President Carter's Rhodesia policy has suddenly come to resemble a Harold Pinter play, in which silences and pauses convey as much as the words spoken by the British playwright's tense, dread-filled characters.
The president is now trying to project to his conservative critics a new flexibility on the breadaway British colony now known as Zimbabwe-Rhodesia, but without spelling it out in words that might assauge the critics but would damage his carefully constructed Africa policy.
The impresssion of Carter playing Rhodesia by Pinter was the net effect of two pieces of political theater forced on the president Thursday. First, at a private meeting with congressional leaders, and then in an appearance before reporters, he announced that he had decided to keep the U.S. trade embargo against Zimbabwe-Rhodesia in effect.
The president would have preferred not to be there at all. Over the past year, the Anglo-American diplomatic initiative to end the disputed territory's guerrilla war has fallen apart under a wide variety of competing pressures. At the same time, conservatives fighting to lift sanctions have gained the upper hand in the Senate. Carter's White House aides appear to wish that the Rhodesia problem would just go away.
But it won't. Under Ambassador to the United Nations Andrew Young's continued prodding, the Carter administration has stuck to a policy that could be reduced in its simplest terms to doing nothing that would give the white settlers, headed by Ian Smith, and their black associates, headed by Bishop Abel Muzorewa, encouragement to believe that the administration would rescue them from a rising tide of black nationalism that threatens to engulf them.
On Thursday, Carter carefully said nothing that would rule out a changed attitude toward the new government headed by Muzorewa if there were progress toward broader political participation. He also did not raise tha administration's previous insistence that broader political participation should include internationally supervised elections and an all-parties peace conference.
In contrast to the previously tightly drawn administration statements on the conflict, Carter's public statement contained a number of nuances that appeared to be aimed at different constituencies. The tough language on keeping sanctions in place for now appealed to African states and to the liberal and black constituencies Young represents in the administration.
But the statement was also clearly intended to leave an impression that he was now more flexible on the ways in which a settlement that establishes broader black rule may be achieved.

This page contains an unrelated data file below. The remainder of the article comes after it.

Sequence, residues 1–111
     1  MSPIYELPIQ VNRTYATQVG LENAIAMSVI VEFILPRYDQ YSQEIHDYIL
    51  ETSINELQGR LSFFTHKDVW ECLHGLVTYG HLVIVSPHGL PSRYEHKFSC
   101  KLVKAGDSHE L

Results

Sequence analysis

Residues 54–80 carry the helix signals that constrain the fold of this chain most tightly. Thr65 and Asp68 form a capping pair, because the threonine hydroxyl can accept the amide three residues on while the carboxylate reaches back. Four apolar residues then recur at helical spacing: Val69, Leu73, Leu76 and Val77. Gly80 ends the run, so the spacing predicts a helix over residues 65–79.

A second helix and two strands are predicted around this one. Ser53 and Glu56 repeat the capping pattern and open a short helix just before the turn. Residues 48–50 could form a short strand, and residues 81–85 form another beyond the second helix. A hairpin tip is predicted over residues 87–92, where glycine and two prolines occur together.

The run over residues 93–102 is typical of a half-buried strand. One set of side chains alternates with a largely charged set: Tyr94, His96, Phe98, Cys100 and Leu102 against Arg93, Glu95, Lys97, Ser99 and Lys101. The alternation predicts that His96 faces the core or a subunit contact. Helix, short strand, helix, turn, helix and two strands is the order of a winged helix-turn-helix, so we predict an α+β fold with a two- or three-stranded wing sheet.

"The presedent was saying that we do realize that we have to work from where the situation is now, not from where it was when we started," one aide said.
In addition to promising to consult on a monthly basis with Congress about the progress Muzorewa is making, the administration is also sending a full-time diplomatic representative to work on Rhodesia. The representative is likely to be a middle-level Foreign Service officer who will be assigned to the U.S. embassy in South Africa, administration officials said yesterday.
Carter may have succeeded in buying some time from congressional critics. One of the key figures in the Senate battle, Sen. Jacob K. Javits (RN.Y.), emerged from the meeting under the impression that Carter would be reviewing sanctions on a month-by-month basis, although the president actually described the review in more general terms.
"It's my judgment that the president is likely to have bipartisan support" for his lastest approach, said Javits, who had been leaning toward an immediate lifting of sanctions. "I believe the president, under the reasons he's given us, is entitled to have people like myself very carefully review his reasons, which are weighty and critical to the national interest."
Underlying the strategic reasons Carter cited in defending his decision is the unspoken assumption that lifting sanctions would steady the Muzorewa-Smith forces enough so they would believe they could get by without making the fundamental changes that would lead to "genuine majority rule."
This in turn would lead to a lengthening of the war, which radicalizes the region more intensely the longer it lasts. The Soviet Union appears to have a policy for Zimbabwe-Rhodesia based on the acceptibility of violent change. Whether the extra time Carter may buy from his congressional critics will enable him to shape a policy to promote non-violent change in Zimbabwe-Rhodesia is as uncertain as a Pinter ending.